Reuters reported in November that Instacart had picked Goldman Sachs to lead preparations for its IPO, which could come this year and value it at around $30 billion.

(Reporting by in Bengaluru; Editing by Krishna Chandra Eluri)

Top Photo: Instacart delivery person; photo supplied by Instacart.

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Many Oregon gig workers got regular unemployment benefits. Here’s why it matters




Christopher Harley was shocked when he got regular unemployment benefits.

After all, he was a gig worker when the pandemic hit Oregon in early 2020, and no company had considered him their employee for many years. He drove passengers for Uber and Lyft, delivered meals for DoorDash and Grubhub, and dropped off groceries for Instacart and Amazon Flex. He bounced between those apps, cycling through numerous travelers, restaurants, grocery stores and apartment buildings each day.

“My doctor immediately said you shouldn’t be doing this type of work,” said Harley, 53. He had suffered through pneumonia before and was scared of bringing the coronavirus home to his family in Portland.

So as the economy shut down in March, Harley was relieved to hear help was on the way.

The kind of help he got, however, raises fundamental questions about how businesses operating in Oregon are taxed — and whether gig economy companies should be required to pay into the state’s employment safety net.

Christopher Harley was a gig worker when the pandemic hit. He was shocked when Oregon paid him regular unemployment benefits.

Christopher Harley was a gig worker when the pandemic hit. He was shocked when Oregon paid him regular unemployment benefits.

Kate Davidson

The federal CARES Act created a new class of unemployment benefits for gig workers. Pandemic Unemployment Assistance, or PUA, covered workers who usually don’t qualify for jobless benefits because they’re considered independent contractors, not employees.

“It pointed directly to the work that I was doing,” Harley said. “It was me.”

The Oregon Employment Department disagreed.

In June, the agency began paying Harley — not the federal PUA he expected, but regular state benefits instead.

In doing so, it paid him from a state trust fund that about 145,000 employers in Oregon contribute to through payroll taxes. The fund pays for benefits when employees get laid off. But gig companies such as Uber and Lyft don’t pay unemployment taxes for drivers and delivery people, who they consider independent contractors.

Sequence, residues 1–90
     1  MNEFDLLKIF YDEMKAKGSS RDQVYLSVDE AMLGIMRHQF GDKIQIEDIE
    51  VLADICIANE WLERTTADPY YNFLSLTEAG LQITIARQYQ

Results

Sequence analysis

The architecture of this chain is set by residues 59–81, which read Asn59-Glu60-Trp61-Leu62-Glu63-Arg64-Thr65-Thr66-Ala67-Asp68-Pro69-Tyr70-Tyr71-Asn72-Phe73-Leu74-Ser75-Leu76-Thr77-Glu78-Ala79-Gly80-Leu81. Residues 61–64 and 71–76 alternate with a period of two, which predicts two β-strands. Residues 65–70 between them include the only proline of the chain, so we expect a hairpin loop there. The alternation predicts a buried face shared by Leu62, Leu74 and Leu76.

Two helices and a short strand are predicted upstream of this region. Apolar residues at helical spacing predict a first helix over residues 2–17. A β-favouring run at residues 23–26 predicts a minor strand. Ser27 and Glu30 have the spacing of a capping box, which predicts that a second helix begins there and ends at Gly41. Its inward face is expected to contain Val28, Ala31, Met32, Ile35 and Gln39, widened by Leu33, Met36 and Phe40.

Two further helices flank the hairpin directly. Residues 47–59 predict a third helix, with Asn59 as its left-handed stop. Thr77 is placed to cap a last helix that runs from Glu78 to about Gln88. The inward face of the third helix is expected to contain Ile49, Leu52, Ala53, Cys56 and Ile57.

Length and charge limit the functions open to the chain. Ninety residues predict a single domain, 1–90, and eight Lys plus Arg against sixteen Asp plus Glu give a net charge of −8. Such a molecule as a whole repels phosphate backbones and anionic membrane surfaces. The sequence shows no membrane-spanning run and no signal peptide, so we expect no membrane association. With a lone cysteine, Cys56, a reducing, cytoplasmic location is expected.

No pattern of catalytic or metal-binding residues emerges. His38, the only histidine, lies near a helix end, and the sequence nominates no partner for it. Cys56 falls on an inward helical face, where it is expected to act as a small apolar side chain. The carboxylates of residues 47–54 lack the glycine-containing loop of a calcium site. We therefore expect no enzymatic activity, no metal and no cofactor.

“To this day, it’s still not clear to me why that decision was made,” Harley said, “but it protected myself and my family the last nine months.”

Harley is not alone.

Court documents and interviews show the Oregon Employment Department paid many gig workers traditional benefits from the state’s unemployment insurance trust fund. People who drove enough hours for Uber and Lyft received benefits normally reserved for laid-off employees, as did many drivers with income from Grubhub, Instacart and DoorDash. Some gig drivers ferrying groceries and packages for Amazon Flex got regular benefits too.

The benefits went out, but payroll taxes hadn’t gone in.

Uber is a large company, flirting with a stock-market value of $100 billion. Meanwhile, many small businesses struggling to survive the pandemic, including restaurants and gyms, have seen their unemployment taxes jump.

‘All the claimants are deemed employees’

Shortly after Christopher Harley received his first payment in June, a memo went out at the Oregon Employment Department.

A manager had an update from the agency’s tax unit. Tax unit employees had the laborious task of determining which claimants were independent contractors eligible for PUA and which were employees who could get regular benefits. So the tax unit was contacting gig employers one claim at a time — a painfully slow process that contributed to an immense payment backlog.

The unit was swamped. Leaders decided to streamline.

“Tax has made a decision to stop conducting interviews with the following companies,” manager Kristine Wardlow wrote to adjudicators on June 26, 2020, “all the claimants are deemed employees and you just need to obtain POE [proof of earnings] and process the claim.”

Then in bold, capital letters, she listed the biggest names in the gig economy:







The June 26 email later became public in court documents filed in a class action lawsuit against the Employment Department and its acting director.

The documents included excerpts of a deposition recorded the following October with Lindsi Leahy, the head of the department’s unemployment insurance division. She confirmed that, prior to June, the tax unit had tried to contact Uber or Lyft every single time a driver filed for PUA.

In the lawsuit, petitioners represented by the Oregon Law Center focused on payment delays. They criticized the Employment Department for conducting time-consuming, individual interviews with companies such as Uber and Lyft when unemployment had skyrocketed.

“OED did not issue a global decision about how to treat these employers’ payments to gig workers until June 26, three and a half months after the COVID-19 emergency began,” the lawyers wrote in one motion.

The Oregon Employment Department would not confirm to OPB whether it considers gig workers such as Uber and Lyft drivers to be employees rather than independent contractors. It declined to elaborate on the court filings themselves, citing pending litigation. It also denied a public records request from OPB, citing a law that protects employer privacy.